Commonly known as "mono", infectious mononucleosis is a viral infection that can affect people of all ages - although it is found most often among teens and young adults. About half of Canadian students have had mono by the time they start university or college. They usually catch it by kissing or having other intimate contact with someone already infected by the virus which is why mono is also called "the kissing disease."
The usual time between infection and the appearance of symptoms (incubation period) is believed to be 10 to 50 days, although 7 to 14 days is common for children and adolescents. People with mono often begin to feel sick several days to a week before any symptoms appear. Primary symptoms are:
Not all people with mono, however, have signs or symptoms. In many cases, especially in younger children, the symptoms are so mild that the infection goes undiagnosed.
Note: Sometimes, if the antibiotics ampicillin or amoxicillin are prescribed to fight a presumed bacterial infection (streptococcal pharyngitis, for instance), the person with mono may develop an uncomfortable rash that is not an allergy to the antibiotic.
Mononucleosis is caused by the Epstein-Barr virus (EBV), a member of the herpesvirus family. This virus is very common; most Canadians (95 percent) have had it at one time or another, although they may have put what symptoms they had down to a cold or minor viral infection. When adolescents or young adults are infected with EBV, it causes infectious mononucleosis 35 to 50 percent of the time.
EBV remains dormant in the body even after the symptoms of mono disappear. Sometimes the virus reactivates and can be found in the person's saliva, but when that happens there aren't usually any symptoms of illness.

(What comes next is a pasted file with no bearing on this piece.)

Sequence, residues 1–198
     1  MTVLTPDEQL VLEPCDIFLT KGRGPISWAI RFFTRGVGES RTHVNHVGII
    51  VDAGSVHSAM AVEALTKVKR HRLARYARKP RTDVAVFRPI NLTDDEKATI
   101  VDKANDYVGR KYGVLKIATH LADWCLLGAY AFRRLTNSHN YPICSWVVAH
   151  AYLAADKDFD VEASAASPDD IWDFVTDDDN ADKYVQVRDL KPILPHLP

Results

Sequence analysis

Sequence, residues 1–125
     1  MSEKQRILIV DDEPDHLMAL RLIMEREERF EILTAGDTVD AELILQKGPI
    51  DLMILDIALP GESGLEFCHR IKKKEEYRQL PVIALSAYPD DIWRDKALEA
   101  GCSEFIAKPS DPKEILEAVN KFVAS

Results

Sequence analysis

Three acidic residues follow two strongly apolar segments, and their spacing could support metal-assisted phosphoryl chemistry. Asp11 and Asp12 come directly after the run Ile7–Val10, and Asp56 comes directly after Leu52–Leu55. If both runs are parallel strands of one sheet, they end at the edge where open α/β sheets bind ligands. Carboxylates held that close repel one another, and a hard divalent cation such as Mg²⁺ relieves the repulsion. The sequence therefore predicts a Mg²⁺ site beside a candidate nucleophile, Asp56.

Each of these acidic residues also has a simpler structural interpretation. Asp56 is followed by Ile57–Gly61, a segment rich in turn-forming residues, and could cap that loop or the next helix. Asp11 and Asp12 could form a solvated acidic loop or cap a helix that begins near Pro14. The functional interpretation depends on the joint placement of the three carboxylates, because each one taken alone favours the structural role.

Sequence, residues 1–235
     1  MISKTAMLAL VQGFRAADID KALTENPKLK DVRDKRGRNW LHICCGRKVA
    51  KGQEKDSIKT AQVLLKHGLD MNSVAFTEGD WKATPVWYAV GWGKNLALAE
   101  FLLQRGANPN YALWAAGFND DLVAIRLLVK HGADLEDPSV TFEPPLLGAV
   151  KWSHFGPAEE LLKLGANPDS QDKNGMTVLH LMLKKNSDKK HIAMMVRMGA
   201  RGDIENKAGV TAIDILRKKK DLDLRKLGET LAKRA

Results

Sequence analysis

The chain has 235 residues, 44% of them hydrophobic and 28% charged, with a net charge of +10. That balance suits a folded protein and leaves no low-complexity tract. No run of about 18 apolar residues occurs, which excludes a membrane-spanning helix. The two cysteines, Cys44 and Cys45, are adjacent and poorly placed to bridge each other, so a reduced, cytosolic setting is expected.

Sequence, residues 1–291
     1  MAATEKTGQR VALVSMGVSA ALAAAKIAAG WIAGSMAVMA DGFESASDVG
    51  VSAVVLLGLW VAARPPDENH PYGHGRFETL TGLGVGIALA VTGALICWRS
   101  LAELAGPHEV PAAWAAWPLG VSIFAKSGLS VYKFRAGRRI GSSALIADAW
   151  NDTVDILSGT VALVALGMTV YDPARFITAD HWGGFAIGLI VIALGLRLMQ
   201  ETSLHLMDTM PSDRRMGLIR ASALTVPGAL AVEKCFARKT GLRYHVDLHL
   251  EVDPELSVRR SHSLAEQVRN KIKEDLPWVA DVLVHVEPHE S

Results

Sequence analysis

If you think you may have mono, visit your doctor who will check your symptoms and may also take a blood sample to send to the lab to confirm the presence of antibodies to EBV in your blood stream. Large numbers of white blood cells (mononuclear cells) in the bloodstream are also an indicator of mono and explain where the infection got its name. In addition, your doctor may take a swab of your throat to check for the presence of a bacterial infection (group A streptococcus).
There's no "cure" for mono so there's not much your doctor can do for you but help you to feel better while your body fights off the infection. Since there are no antiviral drugs available that have any affect on EBV, medication is limited to acetaminophen (e.g., Tylenol®) for fever and pain, and steroids (e.g., prednisone) if severe inflammation of the airways develops. If a bacterial infection is also found, your doctor may prescribe an antibiotic (although not ampicillin or amoxycillin).
People with mono are advised to rest until the symptoms have disappeared, typically 2 to 4 weeks, occasionally more. No heavy lifting or no contact sports for 3 weeks are also recommended. In most cases mono runs its course within a few weeks with no serious complications.
There is no vaccine to prevent mono. The only thing you can do is avoid contact with the saliva or respiratory secretions of people known to have mono but even that's not foolproof.
Serious complications are extremely rare. If the spleen ruptures, a splenectomy may have to be done,
resulting in a weakened immune system for life. This is why it's so important to avoid playing contact sports
as long as recommended.
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The patient information leaflets are provided by Vigilance Santé Inc. This content is for information purposes only and does not in any manner whatsoever replace the opinion or advice of your health care professional. Always consult a health care professional before making a decision about your medication or treatment.